1961 Toyota Publica

   Today the Toyota group of companies are the largest automotive manufacturers in the world. The roots of this success started with the prototype “Publica” of 1956. This vehicle, and the processes involved in its development, led to the highly successful Starlet and today’s market leading Yaris.

   Like many countries in the decade post WWII Japan had a need for affordable transport. Toyota turned its attention to the small car market realising that the man in the street had little spare cash but aspired to own a car. Toyota's first "people's car" prototype fitted with the Japanese Ministry of International Trade and Industry (MITI) concept for a "national car", as a small, affordable, reliable car that could carry a family. It was developed over six years through several prototypes to be shown to the public at the 1960 “All-Japan Motor Show”.

   Building on the public interest generated at the show Toyota instigated a clever promotional plan to win the hearts of the buying public by advertising nationally for the public to name the car. Over 1 million people sent in their ideas and the clever combination of "public" and "car” caught the company’s imagination; the "Publica" was the chosen. Interestingly this promotional system led to a whole new era in product marketing in Japan as well as the new car name for Toyota.

   From 1961 the Toyota Publica could be purchased ¥360,000 (US$1,000) 2-door vehicle in a range of body styles such as the usual sedan, convertible and coupé. This range was supplemented with an estate/station wagon, and even a pickup which went on to outlive the other models by almost 10 years and started Toyota on the road to other pick up and van models like the MiniAce. The Publica was intended to have certain performance criterion, like a top speed over 62mph, and do 85mpg, even the servicing intervals had been considered with a requirement stipulated that the vehicle should not break down in any manner before 62,000 miles had been attained.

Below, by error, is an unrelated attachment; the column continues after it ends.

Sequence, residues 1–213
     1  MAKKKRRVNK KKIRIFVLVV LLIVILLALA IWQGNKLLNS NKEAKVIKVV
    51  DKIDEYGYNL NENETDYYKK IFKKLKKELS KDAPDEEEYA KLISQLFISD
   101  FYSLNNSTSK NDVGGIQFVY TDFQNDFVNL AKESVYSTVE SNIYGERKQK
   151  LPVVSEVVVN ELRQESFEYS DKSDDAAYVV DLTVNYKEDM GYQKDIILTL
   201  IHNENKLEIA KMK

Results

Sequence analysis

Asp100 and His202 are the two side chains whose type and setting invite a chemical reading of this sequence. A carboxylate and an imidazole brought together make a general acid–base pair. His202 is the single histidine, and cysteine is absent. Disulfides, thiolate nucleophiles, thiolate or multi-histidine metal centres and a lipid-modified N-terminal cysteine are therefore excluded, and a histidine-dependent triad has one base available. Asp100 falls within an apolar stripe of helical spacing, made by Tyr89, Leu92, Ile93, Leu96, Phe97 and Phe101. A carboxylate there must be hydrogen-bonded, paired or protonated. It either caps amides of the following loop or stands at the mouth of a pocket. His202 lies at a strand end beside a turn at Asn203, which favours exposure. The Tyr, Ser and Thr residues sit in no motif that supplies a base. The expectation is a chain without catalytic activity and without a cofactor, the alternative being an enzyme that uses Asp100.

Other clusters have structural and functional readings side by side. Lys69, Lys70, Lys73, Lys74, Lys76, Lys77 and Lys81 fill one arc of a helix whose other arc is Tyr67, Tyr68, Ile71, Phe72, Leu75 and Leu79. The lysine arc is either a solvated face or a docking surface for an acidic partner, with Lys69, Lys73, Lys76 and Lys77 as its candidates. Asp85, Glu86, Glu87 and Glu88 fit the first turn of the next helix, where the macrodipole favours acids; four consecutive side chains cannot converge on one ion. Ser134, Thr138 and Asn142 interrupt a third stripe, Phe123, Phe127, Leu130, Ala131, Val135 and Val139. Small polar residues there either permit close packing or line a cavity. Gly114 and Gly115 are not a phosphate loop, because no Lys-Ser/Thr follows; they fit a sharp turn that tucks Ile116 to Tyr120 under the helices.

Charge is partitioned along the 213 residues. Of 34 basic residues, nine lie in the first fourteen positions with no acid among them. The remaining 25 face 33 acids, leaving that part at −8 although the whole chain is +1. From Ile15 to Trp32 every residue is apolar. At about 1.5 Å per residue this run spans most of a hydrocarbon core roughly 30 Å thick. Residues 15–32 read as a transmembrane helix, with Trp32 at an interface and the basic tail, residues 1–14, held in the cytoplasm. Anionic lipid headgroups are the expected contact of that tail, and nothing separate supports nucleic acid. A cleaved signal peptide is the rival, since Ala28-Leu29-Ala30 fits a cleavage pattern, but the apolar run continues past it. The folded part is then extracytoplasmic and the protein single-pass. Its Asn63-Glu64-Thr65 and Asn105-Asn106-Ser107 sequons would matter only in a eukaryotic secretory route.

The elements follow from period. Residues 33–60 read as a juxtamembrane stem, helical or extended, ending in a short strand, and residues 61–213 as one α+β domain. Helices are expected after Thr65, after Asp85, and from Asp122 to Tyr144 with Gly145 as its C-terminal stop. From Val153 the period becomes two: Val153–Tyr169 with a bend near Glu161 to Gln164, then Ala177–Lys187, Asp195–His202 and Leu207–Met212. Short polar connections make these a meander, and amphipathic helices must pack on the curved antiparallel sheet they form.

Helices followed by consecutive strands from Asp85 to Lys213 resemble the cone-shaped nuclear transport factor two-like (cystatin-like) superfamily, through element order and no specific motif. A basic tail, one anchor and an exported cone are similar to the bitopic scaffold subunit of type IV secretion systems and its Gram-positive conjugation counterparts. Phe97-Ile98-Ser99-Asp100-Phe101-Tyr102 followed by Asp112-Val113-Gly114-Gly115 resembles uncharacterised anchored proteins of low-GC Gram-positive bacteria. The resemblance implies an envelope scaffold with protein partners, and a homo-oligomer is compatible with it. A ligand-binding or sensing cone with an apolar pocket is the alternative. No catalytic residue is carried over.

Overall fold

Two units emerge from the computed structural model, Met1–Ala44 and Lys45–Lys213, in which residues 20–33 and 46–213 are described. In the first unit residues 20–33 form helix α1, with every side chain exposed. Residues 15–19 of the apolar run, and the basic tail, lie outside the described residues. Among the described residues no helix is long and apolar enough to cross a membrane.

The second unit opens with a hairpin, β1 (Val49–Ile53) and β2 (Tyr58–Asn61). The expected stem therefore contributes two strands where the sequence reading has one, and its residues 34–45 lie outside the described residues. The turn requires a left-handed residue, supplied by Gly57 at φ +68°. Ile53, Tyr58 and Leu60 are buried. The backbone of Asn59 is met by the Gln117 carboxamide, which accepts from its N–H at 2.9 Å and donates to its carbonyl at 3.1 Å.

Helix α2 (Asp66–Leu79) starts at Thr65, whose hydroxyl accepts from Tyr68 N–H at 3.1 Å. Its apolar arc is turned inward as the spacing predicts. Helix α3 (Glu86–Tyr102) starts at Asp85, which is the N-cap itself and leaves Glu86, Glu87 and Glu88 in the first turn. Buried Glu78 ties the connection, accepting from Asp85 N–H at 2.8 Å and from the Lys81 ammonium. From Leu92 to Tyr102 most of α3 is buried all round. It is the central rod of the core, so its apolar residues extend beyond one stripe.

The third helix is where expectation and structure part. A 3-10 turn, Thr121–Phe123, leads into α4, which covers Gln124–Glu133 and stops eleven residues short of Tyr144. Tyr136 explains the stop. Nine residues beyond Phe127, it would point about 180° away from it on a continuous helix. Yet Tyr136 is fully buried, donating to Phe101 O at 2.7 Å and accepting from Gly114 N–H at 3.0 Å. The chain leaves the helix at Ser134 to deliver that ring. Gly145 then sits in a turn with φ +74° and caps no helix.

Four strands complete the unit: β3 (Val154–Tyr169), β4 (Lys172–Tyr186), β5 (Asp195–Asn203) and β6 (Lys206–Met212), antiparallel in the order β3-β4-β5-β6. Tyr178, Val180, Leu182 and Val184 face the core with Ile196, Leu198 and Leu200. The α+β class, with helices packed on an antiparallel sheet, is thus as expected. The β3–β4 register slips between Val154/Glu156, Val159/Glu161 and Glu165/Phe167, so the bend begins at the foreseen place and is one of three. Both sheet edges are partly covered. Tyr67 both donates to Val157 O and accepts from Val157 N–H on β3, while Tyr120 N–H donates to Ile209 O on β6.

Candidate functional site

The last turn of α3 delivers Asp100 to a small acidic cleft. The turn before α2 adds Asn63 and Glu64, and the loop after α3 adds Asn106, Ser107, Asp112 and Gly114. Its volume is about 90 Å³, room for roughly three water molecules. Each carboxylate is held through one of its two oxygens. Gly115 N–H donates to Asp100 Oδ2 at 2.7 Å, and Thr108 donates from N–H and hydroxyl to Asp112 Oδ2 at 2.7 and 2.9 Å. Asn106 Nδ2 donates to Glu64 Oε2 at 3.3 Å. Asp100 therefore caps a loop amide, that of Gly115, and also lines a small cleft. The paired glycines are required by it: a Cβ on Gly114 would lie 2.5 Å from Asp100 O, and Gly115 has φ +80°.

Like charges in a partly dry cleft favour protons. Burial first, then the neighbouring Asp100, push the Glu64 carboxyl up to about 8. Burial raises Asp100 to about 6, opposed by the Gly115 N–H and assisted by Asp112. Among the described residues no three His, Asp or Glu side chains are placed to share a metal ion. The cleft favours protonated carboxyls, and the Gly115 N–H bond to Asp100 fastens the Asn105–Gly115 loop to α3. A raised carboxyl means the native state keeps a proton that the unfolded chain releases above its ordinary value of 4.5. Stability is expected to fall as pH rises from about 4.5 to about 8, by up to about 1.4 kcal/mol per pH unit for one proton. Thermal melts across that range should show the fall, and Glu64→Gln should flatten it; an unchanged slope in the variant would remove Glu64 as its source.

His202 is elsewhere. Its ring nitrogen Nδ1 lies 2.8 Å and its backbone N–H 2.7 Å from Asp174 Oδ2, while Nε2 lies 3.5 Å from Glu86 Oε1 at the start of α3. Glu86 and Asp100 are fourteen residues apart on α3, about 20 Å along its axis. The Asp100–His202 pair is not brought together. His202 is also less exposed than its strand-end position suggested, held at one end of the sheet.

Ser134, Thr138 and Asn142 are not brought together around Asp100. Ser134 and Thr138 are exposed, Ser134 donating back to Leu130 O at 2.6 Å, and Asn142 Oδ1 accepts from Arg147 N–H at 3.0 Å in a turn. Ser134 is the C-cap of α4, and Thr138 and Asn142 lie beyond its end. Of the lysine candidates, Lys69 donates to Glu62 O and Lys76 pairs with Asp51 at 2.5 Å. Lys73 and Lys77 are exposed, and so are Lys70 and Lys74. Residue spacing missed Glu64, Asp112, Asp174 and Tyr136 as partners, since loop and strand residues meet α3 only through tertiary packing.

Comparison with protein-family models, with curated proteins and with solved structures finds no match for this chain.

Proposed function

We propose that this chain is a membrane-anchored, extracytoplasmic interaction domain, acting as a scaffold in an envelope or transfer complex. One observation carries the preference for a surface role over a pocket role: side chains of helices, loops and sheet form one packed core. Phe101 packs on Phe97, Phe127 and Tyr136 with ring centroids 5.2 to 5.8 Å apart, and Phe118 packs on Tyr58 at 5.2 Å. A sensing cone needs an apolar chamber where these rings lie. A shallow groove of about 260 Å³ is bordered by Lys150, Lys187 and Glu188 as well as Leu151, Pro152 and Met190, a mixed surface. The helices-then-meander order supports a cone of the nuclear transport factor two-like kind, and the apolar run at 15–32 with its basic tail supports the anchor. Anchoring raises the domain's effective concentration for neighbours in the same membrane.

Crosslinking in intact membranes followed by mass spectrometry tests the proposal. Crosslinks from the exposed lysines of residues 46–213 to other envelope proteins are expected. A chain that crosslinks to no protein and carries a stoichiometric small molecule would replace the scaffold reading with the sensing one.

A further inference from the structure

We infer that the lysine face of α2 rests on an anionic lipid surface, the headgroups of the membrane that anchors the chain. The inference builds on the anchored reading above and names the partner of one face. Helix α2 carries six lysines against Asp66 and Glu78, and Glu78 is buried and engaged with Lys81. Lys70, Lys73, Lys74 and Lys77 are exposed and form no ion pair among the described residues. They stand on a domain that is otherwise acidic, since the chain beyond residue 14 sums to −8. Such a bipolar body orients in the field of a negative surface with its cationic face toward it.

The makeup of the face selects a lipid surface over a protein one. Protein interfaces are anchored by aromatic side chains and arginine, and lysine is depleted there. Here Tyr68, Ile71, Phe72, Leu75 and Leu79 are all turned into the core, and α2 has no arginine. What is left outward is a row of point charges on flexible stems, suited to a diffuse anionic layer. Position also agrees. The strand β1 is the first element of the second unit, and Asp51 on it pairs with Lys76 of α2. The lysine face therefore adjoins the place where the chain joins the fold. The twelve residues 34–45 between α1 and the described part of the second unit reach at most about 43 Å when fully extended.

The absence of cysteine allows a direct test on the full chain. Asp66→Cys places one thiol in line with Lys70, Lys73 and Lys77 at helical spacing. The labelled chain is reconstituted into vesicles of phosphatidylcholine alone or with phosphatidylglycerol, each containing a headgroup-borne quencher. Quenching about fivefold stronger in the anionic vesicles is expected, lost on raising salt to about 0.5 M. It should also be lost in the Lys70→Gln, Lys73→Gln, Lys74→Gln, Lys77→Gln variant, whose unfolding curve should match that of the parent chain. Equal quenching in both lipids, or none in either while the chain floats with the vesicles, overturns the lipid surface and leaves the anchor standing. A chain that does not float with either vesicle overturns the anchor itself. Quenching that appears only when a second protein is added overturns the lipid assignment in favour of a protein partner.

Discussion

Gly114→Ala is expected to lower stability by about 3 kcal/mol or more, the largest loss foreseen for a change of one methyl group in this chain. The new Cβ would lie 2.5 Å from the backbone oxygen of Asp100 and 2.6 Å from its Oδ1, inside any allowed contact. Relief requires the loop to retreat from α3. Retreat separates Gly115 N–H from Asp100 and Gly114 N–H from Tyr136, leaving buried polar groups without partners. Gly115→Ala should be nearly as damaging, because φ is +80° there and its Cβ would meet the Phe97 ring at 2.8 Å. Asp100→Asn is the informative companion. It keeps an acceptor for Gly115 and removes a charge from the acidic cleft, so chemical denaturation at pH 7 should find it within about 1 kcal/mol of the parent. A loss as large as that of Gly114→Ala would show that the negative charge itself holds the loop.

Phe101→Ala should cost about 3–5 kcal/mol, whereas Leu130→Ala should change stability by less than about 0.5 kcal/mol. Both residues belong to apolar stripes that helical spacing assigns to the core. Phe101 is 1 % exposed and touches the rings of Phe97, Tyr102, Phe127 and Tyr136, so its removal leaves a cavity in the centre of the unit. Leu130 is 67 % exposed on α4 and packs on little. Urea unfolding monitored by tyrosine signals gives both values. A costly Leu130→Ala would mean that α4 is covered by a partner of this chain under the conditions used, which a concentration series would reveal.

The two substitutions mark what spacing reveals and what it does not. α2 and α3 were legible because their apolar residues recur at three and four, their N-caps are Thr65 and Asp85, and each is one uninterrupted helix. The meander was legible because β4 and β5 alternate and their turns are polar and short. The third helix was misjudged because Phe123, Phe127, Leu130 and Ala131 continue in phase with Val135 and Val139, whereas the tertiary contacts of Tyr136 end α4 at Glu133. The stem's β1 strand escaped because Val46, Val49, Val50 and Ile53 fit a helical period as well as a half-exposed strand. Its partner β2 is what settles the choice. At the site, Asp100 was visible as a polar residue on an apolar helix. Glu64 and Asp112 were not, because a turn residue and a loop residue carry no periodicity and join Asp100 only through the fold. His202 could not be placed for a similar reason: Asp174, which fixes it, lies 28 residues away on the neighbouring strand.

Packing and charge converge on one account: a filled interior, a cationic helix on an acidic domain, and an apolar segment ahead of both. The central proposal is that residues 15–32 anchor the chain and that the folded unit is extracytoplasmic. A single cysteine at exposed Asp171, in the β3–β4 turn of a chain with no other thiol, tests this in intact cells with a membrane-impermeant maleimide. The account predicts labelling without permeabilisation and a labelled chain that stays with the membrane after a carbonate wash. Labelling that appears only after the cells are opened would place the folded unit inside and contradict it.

Despite the initial interest and the marketing/naming initiative the new Toyota didn’t sell well. In simple terms the car was too basic for a Japanese public now emerging from the wartime shortages and wanting a more up-market features than the little Publica was offering.

   Toyotas response was in keeping with the continuous improvement, “Kaizen”, approach that originated with the Toyoda A1 car. A luxury version went on sale in 1963 and within 6 months had boosted sales by 70%. Toyota now had a huge hit and a massive chunk of the small passenger car market. But, ever improving the car lead the Publica through several versions until the Publica Starlet gave way to the simple “Starlet” name from 1973. The Starlet range ran until 1999 when the new Yaris became Toyotas small car vehicle.

   Toyota has had a small car range ever since and the Publicas development innovations turned it into a sales winner and confirmed the company founder’s ideas of continuous improvement which Toyota still employs today.

1/32nd scale kit.
Built by Rod.

   This example of the 1961 Toyota Publica was built from the “Micro Ace” 1/32nd scale kit # 41016 (also listed as 20216) issued in 2013. It appears to be the same kit as the “LS” Toyota Publica 700, kit #2153 which LS also released in a different box as kit # 2154. The original date of the kit is unclear but one would think it was from the late 1960s, early 1970s. Incidentally “LS” also issued a racing version as kit #2198.

   Back when the plastic model kit industry was gaining pace LS was an innovative brand at the forefront of the industry in Japan. Through the 1960s they carved out a reputation for high quality, accuracy and working parts; not to mention colourful and helpful instruction sheets. Their range covered most of the mainstream genres from ships to tanks, cars to ‘planes. Although LS isn’t producing kits anymore many of their moulds have been picked up by Japanese and other Asian companies so that we can still enjoy the products.

   Rod built this model straight from the box around 2015 using Halfords acrylic car spray paints for the main body colour, backed up by his brush applied Humbrol and Revell paints and ink washes from the Games Workshop’s Citadel range. Careful use of Bare metal foil has helped to lift the bumpers.